Finally a bit of good news for fearful parents everywhere — a treatment to help prevent serious allergic reactions to peanuts could be on its way.
According to the Food Allergy Research & Education (FARE), peanuts are one of the most common food allergies in the U.S., and its rate is still growing. The number of tree and nut allergies have tripled since 1997.
But a new clinical trial is showing promising results, giving hope to affected individuals everywhere.
California-based biotech company Aimmune Therapeutics, conducted a year-long study with nearly 500 children ages 4 to 17. Participants were given capsules of peanut flour, or a placebo powder for the control group, in gradually increasing amounts for six months. Then, they continues receiving that level of powder for an additional six months. Neither the doctors nor the participants knew which children were receiving the powder.
By then end of the 12 months, 67% of the children could tolerate about 2 nuts worth of peanut protein. Only 4%of the placebo group had increased tolerance.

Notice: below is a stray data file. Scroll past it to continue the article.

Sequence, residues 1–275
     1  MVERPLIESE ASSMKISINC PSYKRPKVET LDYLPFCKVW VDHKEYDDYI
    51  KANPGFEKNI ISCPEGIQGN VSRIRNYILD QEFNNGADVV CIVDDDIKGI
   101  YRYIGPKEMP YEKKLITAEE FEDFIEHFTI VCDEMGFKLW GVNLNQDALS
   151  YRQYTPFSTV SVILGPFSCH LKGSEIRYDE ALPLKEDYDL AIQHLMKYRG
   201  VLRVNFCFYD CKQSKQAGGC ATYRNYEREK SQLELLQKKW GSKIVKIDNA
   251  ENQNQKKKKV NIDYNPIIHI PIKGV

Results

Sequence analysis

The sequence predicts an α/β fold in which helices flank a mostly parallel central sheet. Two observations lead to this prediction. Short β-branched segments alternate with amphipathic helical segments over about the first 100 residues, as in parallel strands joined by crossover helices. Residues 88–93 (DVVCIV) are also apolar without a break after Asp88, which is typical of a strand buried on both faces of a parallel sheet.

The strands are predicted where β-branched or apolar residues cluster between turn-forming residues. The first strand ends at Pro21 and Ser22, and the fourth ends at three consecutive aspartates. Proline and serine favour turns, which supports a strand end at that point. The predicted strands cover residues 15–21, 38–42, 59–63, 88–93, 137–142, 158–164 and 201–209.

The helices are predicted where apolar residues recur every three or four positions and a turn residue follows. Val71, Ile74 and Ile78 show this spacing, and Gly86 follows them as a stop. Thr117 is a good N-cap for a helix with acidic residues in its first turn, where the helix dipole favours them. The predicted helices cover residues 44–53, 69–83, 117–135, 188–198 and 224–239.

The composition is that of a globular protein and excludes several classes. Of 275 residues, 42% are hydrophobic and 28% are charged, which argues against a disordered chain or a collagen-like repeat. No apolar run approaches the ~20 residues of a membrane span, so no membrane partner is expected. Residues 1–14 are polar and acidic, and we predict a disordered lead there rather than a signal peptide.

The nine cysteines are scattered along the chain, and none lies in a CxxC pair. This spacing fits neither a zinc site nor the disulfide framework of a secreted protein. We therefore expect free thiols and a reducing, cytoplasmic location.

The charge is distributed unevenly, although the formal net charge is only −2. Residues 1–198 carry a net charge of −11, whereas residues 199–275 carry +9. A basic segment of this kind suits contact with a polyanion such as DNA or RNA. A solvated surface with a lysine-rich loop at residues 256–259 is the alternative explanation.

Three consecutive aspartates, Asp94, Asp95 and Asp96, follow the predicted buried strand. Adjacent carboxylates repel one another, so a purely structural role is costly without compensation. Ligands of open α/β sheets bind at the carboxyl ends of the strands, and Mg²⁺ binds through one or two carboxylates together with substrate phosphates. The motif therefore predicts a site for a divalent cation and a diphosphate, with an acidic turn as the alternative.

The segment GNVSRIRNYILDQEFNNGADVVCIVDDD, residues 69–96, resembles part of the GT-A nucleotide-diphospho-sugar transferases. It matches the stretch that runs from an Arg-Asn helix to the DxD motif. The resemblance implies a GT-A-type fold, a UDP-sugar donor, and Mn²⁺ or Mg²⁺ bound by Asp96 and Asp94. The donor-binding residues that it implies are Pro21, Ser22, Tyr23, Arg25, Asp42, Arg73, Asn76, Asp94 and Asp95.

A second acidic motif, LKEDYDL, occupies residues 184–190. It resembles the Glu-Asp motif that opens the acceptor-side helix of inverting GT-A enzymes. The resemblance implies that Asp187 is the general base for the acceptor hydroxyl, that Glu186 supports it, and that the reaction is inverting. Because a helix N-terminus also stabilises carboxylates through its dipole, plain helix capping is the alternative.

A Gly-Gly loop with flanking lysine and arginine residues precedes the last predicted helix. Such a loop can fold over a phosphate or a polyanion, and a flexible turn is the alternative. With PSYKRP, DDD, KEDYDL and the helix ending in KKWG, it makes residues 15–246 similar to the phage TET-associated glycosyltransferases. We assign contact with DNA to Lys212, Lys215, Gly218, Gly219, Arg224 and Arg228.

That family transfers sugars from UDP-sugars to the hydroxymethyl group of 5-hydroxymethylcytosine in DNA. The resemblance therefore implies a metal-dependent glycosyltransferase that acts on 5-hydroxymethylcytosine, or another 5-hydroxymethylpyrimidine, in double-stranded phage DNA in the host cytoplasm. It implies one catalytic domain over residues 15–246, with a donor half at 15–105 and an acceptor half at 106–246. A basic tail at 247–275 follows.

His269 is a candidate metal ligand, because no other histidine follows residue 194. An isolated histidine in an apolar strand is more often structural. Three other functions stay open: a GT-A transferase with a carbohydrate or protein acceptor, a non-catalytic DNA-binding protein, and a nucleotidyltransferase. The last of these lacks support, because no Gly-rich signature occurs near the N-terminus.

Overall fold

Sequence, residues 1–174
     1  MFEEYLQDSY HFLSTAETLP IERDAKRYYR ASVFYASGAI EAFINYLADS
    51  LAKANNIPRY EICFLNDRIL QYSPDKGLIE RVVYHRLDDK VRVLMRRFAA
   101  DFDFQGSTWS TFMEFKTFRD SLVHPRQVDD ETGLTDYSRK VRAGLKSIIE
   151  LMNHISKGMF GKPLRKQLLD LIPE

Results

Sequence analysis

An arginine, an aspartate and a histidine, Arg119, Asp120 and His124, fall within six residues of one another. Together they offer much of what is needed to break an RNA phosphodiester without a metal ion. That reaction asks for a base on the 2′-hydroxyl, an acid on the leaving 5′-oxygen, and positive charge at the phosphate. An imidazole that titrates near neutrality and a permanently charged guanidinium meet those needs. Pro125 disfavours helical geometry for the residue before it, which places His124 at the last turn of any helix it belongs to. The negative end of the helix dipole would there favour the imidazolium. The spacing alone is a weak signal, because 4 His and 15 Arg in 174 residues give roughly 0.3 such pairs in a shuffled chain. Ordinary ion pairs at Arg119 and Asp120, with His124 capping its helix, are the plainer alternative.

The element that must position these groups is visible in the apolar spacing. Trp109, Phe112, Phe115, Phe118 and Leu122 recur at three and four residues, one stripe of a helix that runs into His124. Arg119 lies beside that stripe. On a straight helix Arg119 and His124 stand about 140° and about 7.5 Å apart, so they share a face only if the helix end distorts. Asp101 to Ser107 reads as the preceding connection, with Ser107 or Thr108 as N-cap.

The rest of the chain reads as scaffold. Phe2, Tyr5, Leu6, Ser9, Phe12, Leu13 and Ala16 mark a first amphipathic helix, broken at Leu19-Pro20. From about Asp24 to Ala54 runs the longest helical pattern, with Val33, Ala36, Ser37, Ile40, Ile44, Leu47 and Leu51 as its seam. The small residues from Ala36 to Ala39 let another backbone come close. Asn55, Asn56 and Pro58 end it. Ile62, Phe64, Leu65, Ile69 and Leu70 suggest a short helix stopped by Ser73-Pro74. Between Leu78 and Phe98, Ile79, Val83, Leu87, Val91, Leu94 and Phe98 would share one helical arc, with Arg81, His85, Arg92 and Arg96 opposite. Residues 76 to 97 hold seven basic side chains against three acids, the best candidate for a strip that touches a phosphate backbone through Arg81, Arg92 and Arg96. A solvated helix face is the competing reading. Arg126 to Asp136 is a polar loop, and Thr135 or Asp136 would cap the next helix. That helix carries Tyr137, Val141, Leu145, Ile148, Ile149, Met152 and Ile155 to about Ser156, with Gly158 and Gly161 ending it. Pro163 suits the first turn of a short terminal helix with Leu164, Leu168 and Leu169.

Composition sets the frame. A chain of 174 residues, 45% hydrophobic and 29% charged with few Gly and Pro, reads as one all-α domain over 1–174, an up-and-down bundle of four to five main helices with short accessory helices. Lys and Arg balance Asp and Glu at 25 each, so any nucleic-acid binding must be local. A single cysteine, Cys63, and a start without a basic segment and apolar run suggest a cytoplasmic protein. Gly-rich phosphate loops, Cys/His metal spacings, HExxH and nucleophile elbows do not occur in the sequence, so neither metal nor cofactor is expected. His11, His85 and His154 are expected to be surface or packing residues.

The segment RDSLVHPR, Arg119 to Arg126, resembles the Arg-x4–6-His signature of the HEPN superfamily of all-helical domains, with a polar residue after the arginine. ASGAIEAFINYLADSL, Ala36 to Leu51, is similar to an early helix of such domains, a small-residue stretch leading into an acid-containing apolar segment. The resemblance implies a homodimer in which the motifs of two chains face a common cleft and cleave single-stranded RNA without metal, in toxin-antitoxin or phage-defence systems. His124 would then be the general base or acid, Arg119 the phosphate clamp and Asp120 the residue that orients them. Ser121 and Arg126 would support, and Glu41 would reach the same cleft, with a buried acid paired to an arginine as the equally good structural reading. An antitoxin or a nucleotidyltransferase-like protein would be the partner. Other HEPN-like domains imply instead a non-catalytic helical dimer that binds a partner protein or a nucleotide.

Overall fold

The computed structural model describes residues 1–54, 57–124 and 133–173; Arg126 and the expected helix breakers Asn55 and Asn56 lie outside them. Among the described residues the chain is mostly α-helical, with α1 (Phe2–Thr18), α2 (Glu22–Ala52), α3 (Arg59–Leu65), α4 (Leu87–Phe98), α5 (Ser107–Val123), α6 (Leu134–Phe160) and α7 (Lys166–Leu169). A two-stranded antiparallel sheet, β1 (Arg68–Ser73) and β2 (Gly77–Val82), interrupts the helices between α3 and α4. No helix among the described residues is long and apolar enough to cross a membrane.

This doesn’t mean kids and parents should try this stunt at home. The results have not yet been received by independent experts, and the powder used was specially formulated. About 20 percent of the kids had to drop out from the study due to reactions or other problems.
The results certainly wouldn’t allow peanut-allergic people to dive into a jar of JIF, but it would help reduce life-threatening reactions should that person be accidentally exposed to trace amounts of nuts — which, when it’s a life or death situation, as it is for some, is a huge relief.
Aimmune is seeking FDA approval for its pill.
(h/t Marie Claire)